9. onlyvinod56

    Thread Starter Active Member

    Oct 14, 2008
    362
    1
    Thankyou very much sgt..
    my intension is not to hijack the topic. I have read the rules of this forum in which i found

    "1. Before posting a question.

    Use the forum search facility to see if a similar question has been asked before. Chances are your question is similar to an earlier one.
    If your question has not been asked previously, then create a new thread. Please do not hijack another user's thread."

    Thats y i was hanging around this thread. Sorry for this.
    anyways i got ur suggestion. I am going to test that circuit.
    thanks for ur help sgt..
     
  10. SgtWookie

    Expert

    Jul 17, 2007
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    I see. Yes, that particular wording could lead to some confusion as how to proceed. Basically, if the thread you found in a search is exactly the same as your questions, go ahead and ask for further clarification in that thread if necessary.

    However, if there are differences (like a different application, etc), you should create your own topic. Reference the thread you'd found during your search that was so similar to your own question by posting a link to it; this may help people help you faster.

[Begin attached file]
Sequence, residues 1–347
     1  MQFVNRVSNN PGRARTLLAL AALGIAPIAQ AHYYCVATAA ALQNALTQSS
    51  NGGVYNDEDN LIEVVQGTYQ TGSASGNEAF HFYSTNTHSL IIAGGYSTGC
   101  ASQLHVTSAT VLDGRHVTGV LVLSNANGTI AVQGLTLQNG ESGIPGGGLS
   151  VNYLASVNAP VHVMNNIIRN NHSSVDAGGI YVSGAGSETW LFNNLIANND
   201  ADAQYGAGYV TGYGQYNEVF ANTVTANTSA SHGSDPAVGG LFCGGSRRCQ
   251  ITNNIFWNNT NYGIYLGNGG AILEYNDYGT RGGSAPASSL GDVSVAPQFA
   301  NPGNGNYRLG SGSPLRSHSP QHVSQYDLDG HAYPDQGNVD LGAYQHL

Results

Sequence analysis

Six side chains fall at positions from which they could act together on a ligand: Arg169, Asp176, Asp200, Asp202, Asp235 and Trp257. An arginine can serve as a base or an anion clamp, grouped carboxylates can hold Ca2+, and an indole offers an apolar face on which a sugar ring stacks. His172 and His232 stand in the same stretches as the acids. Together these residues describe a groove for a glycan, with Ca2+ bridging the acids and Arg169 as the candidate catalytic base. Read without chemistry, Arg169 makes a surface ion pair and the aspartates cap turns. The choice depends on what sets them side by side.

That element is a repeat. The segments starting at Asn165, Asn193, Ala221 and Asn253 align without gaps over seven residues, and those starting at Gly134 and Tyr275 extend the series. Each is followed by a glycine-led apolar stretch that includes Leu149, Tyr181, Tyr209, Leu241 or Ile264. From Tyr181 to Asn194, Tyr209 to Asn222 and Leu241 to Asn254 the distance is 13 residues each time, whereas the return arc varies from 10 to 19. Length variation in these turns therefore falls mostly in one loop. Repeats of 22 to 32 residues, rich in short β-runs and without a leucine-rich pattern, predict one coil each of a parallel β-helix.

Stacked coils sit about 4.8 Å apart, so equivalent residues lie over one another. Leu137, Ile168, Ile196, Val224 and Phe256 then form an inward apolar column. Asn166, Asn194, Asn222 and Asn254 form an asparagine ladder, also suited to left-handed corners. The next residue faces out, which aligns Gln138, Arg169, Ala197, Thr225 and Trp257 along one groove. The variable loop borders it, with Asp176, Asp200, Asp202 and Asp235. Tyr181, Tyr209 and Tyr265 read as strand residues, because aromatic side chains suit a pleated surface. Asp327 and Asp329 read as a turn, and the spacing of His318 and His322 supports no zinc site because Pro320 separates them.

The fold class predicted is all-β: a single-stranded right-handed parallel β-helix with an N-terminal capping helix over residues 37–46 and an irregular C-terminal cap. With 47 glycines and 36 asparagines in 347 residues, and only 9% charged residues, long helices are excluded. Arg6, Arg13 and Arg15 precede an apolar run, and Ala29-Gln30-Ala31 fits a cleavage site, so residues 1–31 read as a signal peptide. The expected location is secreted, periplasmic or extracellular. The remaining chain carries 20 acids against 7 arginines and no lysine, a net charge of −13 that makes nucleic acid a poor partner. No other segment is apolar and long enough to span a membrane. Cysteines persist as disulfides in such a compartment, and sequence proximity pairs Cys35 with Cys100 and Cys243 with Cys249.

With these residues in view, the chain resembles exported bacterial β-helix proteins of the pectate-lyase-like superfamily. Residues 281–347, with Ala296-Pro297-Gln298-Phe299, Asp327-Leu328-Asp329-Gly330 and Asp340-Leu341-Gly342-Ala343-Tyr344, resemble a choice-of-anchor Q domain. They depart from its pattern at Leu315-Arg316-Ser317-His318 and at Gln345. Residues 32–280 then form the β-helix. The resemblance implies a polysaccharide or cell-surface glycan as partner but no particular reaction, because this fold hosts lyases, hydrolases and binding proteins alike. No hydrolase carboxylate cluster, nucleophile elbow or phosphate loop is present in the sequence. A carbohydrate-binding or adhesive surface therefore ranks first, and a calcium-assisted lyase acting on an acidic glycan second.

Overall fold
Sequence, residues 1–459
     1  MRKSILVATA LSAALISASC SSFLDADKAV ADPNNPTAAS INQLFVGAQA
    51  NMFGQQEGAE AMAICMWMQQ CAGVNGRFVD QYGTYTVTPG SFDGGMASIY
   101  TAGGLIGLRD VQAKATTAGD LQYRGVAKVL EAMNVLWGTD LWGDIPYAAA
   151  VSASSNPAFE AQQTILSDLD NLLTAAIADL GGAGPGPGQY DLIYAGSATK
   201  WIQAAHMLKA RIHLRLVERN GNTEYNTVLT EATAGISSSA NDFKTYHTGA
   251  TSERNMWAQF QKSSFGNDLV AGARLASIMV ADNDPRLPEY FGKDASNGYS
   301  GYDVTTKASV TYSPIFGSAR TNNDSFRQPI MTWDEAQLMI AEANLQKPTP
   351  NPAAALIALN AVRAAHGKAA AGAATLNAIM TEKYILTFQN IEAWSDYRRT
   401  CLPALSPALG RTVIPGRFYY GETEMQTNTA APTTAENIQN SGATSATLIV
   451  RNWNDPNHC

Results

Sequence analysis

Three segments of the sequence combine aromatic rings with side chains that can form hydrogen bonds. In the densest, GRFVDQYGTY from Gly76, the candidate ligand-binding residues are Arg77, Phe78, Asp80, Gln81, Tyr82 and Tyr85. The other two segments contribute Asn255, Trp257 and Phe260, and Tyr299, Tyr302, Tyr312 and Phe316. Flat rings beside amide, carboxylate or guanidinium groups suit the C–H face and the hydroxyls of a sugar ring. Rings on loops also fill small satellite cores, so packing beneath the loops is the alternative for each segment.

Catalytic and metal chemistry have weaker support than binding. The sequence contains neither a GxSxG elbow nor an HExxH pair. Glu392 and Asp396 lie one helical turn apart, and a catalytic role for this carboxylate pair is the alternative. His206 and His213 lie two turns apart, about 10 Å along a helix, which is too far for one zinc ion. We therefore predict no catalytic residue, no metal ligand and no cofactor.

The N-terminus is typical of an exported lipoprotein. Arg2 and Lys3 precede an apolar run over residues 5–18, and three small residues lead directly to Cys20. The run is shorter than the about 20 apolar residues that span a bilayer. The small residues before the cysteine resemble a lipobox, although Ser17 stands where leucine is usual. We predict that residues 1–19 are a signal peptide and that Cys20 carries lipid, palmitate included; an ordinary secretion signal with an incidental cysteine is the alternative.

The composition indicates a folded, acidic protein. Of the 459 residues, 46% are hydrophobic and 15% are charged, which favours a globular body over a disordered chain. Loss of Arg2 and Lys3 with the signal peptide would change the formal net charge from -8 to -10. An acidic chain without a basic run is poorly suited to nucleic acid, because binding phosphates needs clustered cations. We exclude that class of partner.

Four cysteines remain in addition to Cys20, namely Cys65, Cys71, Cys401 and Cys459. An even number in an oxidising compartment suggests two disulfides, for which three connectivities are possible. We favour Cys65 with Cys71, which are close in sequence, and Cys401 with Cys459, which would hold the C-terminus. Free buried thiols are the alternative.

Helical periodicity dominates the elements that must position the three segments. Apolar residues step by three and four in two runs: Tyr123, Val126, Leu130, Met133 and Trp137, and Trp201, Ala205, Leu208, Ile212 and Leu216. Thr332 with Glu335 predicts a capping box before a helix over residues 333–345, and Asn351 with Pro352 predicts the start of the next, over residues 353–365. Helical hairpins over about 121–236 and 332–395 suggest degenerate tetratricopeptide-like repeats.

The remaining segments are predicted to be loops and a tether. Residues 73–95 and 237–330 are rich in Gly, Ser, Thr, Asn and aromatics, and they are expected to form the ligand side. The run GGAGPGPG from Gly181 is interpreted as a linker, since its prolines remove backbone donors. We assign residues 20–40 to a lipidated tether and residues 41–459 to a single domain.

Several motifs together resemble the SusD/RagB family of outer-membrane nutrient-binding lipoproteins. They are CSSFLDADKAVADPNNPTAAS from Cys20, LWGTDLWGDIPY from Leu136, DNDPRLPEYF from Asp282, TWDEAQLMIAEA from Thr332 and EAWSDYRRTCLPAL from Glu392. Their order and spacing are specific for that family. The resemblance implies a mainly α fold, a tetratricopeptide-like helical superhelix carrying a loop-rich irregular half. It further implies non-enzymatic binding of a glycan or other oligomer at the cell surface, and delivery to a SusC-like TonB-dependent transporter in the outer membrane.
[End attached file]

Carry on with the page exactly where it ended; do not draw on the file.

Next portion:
Good. I suggest that before you install the 5k pot, set it to the same resistance that the 3.3k resistor measures. For best results, the 5k pot should be a 10-turn or 21-turn trimpot. If you cannot find such a pot, then you may find it easier to adjust by using a 3k fixed resistor and a 500 Ohm pot in series.

    Measure the output voltage with 0Hz input to find out what your "zero point" is (amplified input offset) using a precision DMM. The specifications for the internal opamp's offset call for 3mV typical with 10mV maximum, so your "zero point" with a gain of 2 will be somewhere in the range of 6mV to 20mV. You could build a resistive divider using a 10k resistor, a 10 Ohm resistor and a 10nF cap from the junction to ground to give you a 15mV reference output. Adjust resistances to match your IC's zero point output.